When I ran for this office, I heard from Americans who felt left
behind by trade agreements of the past.
It's those people I'm thinking about as I lay out the framework
for a new trade agenda that will be guided by one simple principle: putting American workers first.
I've made it clear that I won't sign any agreement that doesn't
live up to that.
The Trans-Pacific Partnership we're working on would be the most
progressive trade agreement in American history -- with the strongest labor, environmental, and intellectual property standards
yet. It's designed to protect jobs and help grow the economy by focusing on working and middle-class families.
This is a complex issue with a lot at stake for Americans, and I
want voices like yours to be part of the conversation. On Monday, David Simas,
one of my closest advisors, is getting on the phone with OFA supporters to talk more about what this policy means.
This is a chance to make sure that the United States -- and not a
competitor like China -- gets to write the rules for the world economy in the 21st century.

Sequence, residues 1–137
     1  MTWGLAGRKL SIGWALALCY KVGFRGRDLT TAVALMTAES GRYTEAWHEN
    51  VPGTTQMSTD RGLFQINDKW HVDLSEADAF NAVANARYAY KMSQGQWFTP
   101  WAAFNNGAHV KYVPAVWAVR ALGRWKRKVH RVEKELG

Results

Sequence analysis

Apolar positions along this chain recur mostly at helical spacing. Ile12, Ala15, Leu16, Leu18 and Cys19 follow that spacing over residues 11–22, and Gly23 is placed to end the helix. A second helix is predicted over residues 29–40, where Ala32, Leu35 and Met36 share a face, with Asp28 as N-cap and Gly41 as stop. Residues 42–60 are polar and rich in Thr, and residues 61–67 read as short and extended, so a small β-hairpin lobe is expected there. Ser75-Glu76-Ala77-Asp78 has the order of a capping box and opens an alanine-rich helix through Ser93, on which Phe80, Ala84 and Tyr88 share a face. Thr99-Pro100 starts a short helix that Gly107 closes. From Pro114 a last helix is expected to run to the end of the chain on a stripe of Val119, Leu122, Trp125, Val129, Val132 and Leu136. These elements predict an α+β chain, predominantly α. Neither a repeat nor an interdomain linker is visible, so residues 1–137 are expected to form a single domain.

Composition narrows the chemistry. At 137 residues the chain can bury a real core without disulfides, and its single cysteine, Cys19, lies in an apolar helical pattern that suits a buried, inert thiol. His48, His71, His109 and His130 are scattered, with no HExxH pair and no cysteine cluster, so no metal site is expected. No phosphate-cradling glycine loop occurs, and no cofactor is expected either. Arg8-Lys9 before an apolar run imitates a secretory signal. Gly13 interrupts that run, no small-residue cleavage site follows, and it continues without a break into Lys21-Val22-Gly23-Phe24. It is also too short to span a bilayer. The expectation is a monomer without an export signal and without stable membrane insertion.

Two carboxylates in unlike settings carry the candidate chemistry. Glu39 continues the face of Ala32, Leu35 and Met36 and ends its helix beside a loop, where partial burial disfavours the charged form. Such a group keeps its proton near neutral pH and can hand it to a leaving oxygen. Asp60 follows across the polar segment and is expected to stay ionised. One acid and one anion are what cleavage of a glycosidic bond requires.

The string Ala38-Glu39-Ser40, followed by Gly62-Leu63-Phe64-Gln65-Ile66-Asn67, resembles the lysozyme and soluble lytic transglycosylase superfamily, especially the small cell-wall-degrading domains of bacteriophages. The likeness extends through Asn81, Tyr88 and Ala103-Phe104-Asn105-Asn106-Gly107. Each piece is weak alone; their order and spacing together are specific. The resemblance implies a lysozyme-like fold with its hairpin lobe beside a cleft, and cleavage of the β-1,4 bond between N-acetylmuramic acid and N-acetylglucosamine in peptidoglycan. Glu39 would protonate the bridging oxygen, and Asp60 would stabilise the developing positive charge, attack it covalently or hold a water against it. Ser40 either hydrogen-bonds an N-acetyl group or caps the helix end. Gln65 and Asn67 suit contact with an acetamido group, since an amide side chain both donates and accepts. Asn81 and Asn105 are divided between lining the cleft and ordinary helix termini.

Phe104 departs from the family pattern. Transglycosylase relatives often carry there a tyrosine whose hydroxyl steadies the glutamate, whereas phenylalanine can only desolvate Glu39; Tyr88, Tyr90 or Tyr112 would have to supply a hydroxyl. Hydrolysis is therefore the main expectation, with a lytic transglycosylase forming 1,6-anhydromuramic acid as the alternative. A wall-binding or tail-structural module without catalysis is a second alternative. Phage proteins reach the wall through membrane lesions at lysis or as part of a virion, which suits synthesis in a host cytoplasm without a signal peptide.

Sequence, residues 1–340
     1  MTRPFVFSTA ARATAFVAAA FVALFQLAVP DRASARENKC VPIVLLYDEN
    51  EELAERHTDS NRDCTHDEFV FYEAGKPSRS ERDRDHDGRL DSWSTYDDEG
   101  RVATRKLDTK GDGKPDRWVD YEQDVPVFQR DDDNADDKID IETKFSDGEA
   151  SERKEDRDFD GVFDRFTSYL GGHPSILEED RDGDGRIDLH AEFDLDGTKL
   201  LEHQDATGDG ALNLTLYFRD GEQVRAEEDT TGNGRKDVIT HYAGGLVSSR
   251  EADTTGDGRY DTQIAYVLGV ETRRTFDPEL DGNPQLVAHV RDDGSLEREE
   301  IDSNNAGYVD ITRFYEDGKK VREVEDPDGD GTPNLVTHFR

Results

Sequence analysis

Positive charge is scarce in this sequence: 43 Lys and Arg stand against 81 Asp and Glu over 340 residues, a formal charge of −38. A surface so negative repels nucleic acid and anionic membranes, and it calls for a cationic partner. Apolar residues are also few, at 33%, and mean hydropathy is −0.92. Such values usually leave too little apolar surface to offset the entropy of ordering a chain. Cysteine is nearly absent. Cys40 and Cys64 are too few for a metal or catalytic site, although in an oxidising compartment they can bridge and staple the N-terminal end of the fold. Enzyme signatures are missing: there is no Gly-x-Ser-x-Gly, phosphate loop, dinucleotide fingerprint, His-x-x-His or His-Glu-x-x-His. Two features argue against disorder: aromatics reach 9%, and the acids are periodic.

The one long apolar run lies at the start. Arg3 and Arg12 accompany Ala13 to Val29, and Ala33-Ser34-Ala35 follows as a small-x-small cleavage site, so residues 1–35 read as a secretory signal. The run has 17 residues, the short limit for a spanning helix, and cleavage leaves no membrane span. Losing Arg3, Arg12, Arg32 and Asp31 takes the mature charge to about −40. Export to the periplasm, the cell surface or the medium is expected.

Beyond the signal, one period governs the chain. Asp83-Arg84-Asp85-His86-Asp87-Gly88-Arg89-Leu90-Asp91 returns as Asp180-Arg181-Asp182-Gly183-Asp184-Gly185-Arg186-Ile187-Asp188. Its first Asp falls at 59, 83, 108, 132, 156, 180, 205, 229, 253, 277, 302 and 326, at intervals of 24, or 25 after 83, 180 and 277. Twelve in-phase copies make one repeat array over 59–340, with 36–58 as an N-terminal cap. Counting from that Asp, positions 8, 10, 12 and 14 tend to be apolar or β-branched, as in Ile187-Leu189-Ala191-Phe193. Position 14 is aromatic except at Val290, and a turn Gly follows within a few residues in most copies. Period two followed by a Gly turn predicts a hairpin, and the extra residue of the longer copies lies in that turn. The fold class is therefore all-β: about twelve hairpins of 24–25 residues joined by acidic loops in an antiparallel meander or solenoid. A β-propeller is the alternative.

Here's why that matters:
-- It levels the playing field for
American workers. This plan will make it easier to sell goods made in America to some of the most dynamic and fastest-growing
markets in the world: 95 percent of the world's consumers live outside the United States.
-- It reflects American values. All
countries that sign the Trans-Pacific Partnership must adopt strict labor rules if they want to send their goods to the United
States. That means enforceable regulations to ensure acceptable working conditions, such as a minimum wage, maximum hours, and
workplace safety. Workers will have the right to form unions and bargain collectively.
-- It's good to the environment. This plan
goes well beyond protections from past agreements, and contains enforceable commitments to protect our oceans, forests, and
For me, it's important that our trade policy is consistent with my
top priority as president: making sure that more hard-working Americans have a chance to get ahead.
Exports of American products supported 11.7 million American jobs
in 2014 -- those are good, middle-class jobs that pay up to 18 percent more than other jobs. And of the companies that export
goods, 98 percent are small businesses.
There's a lot more to talk about, so I hope you'll join the
Ask a question, or voice your thoughts -- and OFA will collect
them for the call on Monday: